Countries in other regions have fewer legal protections to stop projects that threaten our waterways. And citizen opposition doesn’t always achieve the level of coordination needed to keep the fight going. There are dozens of anti-fracking groups here in Pennsylvania challenging corporate influence and state corruption through lawsuits and policy work; in other regions there may only be a few of us. Groups like Waterkeeper Alliance and International Rivers, which connect local organizations with larger campaigns, play a critical role in giving us the tools we need to fight.

One of the most important aspects of River Rally is the realization that almost every successful movement at some point started with a single person. Maybe it was a kayaker upset about her river being polluted, or a fisherman with a sick catfish on the end of his pole. It’s important for us to be reminded that every movement begins small, and that growth in a sense is about realizing we are not alone in thinking we should have a right to healthy rivers or a right to say no to fracking, or a right to keep foreign companies out. 

Traveling to River Rally is also a way for those of us working internationally to share our difficulties with each other and take what we can learn from the US movement to protect rivers and water. We have to show how our struggle is connected. That means listening to the many water advocates from watersheds around the globe that joined here for River Rally, and encouraging them to continue building bridges across borders so they can be a stronger voice in their communities. Ultimately their work benefits all of us. We may live thousands of miles apart but each of us benefits when one of us stops a river from being dammed or a glacier in the Himalayas from being covered with mining dust.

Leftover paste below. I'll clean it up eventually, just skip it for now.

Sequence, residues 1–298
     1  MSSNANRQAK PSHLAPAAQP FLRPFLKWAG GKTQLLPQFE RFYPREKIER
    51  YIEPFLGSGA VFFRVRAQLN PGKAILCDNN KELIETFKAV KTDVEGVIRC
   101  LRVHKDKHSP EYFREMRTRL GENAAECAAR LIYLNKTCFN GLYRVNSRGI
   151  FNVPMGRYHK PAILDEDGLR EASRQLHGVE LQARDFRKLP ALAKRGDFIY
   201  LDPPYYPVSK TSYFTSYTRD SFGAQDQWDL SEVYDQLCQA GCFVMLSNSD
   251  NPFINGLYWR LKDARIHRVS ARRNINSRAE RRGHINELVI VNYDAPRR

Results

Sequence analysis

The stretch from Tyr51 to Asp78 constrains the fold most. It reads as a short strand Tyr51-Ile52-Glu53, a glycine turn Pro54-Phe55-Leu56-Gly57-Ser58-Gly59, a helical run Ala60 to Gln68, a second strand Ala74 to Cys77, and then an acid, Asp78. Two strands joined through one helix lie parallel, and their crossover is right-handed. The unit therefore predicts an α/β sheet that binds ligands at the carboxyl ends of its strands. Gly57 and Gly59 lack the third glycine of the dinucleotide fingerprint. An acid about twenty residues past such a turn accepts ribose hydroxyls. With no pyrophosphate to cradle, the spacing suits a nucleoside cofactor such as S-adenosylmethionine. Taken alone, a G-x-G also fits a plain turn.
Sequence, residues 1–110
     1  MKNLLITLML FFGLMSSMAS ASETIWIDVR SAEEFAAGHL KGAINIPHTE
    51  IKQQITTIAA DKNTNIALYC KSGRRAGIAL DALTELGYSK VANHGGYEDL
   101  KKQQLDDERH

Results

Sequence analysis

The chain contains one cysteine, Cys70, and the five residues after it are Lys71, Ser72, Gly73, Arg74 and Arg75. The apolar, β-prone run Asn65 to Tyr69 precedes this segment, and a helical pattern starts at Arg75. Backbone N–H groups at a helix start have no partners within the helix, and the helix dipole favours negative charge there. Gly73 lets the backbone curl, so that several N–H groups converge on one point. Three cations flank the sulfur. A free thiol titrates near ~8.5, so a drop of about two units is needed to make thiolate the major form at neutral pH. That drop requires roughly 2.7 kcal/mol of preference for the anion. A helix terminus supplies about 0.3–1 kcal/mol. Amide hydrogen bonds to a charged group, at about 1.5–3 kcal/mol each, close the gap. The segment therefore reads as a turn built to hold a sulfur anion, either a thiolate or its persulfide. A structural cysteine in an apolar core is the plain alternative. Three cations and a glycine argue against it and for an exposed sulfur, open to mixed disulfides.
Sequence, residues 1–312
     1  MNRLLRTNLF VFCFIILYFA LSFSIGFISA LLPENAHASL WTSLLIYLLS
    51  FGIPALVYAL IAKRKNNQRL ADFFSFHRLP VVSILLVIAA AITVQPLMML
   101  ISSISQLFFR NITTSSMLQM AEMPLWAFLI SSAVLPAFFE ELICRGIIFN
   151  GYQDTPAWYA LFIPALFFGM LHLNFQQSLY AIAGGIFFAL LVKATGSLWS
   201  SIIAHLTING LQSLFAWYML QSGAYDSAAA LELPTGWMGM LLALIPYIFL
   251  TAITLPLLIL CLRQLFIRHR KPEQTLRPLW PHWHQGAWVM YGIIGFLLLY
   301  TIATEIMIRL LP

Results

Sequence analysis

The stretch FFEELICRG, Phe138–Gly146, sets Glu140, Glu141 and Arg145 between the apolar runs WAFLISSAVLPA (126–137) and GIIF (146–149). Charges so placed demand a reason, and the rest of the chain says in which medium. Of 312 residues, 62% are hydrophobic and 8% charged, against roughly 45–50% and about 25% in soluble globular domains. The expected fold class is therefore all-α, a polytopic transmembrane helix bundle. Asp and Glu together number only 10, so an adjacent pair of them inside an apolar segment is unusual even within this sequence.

It’s fitting, therefore, that Waterkeeper Alliance and River Network would keep growing and seeking out partnerships with groups like International Rivers that have launched similar campaigns around the world. What started originally as a group of fishermen trying to reclaim their rivers now includes over 220 representatives from six continents. And this is just the beginning - His Holiness plans to launch 150 new Waterkeepers across the Himalayas in the coming years.

As Robert F. Kennedy Jr. said during his keynote address on Saturday, corporations cannot steal our natural resources without first contending with all of us. The more of us there are who work on these issues, the harder it is for big multinational companies like Endesa or Drummond or Sinohydro to push through projects that destroy local resources and send their profits back overseas. As River Rally proves, not only do we find strength in numbers but also in our increased connection and coordination. Together we can learn from each other and educate others about our cause.

The world needs more groups like River Network and Waterkeeper Alliance to address transboundary issues and change the global paradigm of water and river management. We need more leaders like Jeanette and Ranjan and Nabil willing to take on difficult issues where they live and more opportunities for them to go beyond their borders to seek out further knowledge to help fight and win. We are lawyers, street performers, venture capitalists, artists. And as River Rally comes to a close and we all head back home, we are taking with us the words of His Holiness, the Gyalwang Drukpa, who at one point smiled during his speech and said to us, “I am very, very happy to be part of your family.” Back home in the watersheds where we work, we may be few. But there is a global movement growing everyday, and I look forward to working together and getting the help our communities need to win these battles. Next year Waterkeeper Alliance will gather in Boulder, Colorado where we look forward to welcoming more global partners into the fold. 

Friday, June 6, 2014